Teatro Chelsea presents North American premiere of ‘Sonia se fue’
Teatro Chelsea, Boston’s newest bilingual theater company, debuts the North American premiere of “Sonia se fue,” Jan. 14-17. In this Spanish translation of “Sonia Flew” by local playwright Melinda Lopez, Sonia is reminded painfully of her childhood in Cuba when her son decides to enlist in the army in the wake of the 9/11 terrorist attacks.
“What really attracted me was this dual narrative of someone who embodies these two different cultures,” says Teatro Chelsea Program Director Armando Rivera, who directs the show. “That seemed to me to fit right into the mold of what our mission is, which is reflecting bilingual and bicultural narratives of Latino people.”
Transforming the play into an online medium has given the production team the opportunity to share their work with friends and relatives globally. Rivera says that this will be the first time his family in Puerto Rico has been able to see one of his shows, and they’ll be able to hear it in their own native tongue.
“Sonia se fue” has presented an interesting rumination on translation as well. In a panel discussion on Jan. 7, Rivera and Lopez chatted with Hartford Stage artistic director Melia Bensussen and Tufts professor and translator Noe Montez about how a play changes from one translation to another.
Lopez wrote “Sonia Flew” in English for an American audience in 2003. In 2018 the Spanish translation, adapted by Alberto Sarraín, was presented in Havana and Camaguey, Cuba. Lopez was struck by the different needs of the translation. The original, for example, contained a lot of exposition that a Latino audience, particularly a Cuban audience familiar with Castro’s reign, wouldn’t need.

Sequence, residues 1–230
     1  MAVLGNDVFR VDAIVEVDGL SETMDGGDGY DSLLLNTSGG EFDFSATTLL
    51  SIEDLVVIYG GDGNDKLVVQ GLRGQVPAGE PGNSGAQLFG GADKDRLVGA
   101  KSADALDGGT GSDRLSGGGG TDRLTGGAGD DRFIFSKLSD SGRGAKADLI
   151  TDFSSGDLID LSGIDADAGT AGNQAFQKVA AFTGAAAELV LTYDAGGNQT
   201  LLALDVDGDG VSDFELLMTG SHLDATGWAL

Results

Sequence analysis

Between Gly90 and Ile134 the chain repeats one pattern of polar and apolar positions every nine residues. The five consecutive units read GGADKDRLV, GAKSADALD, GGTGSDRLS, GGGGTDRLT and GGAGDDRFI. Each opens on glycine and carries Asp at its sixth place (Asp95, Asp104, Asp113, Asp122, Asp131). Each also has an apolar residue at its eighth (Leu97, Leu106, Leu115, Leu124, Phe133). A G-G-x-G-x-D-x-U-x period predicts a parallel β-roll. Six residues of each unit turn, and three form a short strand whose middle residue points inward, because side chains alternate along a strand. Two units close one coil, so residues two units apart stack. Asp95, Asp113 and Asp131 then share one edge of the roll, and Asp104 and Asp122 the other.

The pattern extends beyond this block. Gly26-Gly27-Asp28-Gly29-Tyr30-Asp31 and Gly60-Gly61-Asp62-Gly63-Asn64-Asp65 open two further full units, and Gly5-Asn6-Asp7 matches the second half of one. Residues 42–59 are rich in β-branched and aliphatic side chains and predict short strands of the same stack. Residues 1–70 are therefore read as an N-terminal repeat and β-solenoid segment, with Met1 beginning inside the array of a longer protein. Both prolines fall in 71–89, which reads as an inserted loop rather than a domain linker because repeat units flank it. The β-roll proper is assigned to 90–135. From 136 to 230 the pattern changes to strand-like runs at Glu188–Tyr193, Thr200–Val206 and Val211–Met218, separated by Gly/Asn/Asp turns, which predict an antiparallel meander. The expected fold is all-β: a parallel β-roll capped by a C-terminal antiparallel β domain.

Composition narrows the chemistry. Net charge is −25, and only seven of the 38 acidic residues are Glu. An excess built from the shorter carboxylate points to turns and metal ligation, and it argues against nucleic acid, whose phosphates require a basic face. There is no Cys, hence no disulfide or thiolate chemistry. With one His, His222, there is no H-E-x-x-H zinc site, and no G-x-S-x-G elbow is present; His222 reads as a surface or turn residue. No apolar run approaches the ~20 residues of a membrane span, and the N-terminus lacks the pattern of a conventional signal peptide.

Teatro Chelsea launched with the mission of telling Latino stories and exploring cross-cultural experiences in its productions. “Sonia se fue” is its first full-length production. Performances will be streamed live on Facebook and YouTube with English subtitles. Prior registration is requested. Each performance will be followed by a talkback with actors, the playwright and special guests.
Though Teatro Chelsea is launching at an unexpected and challenging time for theater, Rivera hopes it will become an essential part of Chelsea’s art scene and revitalization. The theater was named with the city and its people in mind. “This is an area where Latino culture is celebrated, not only in the arts but for music and for food,” he says. “When it’s safe and its time to do that we want to open the doors for everybody to come over to Chelsea and to support the city.”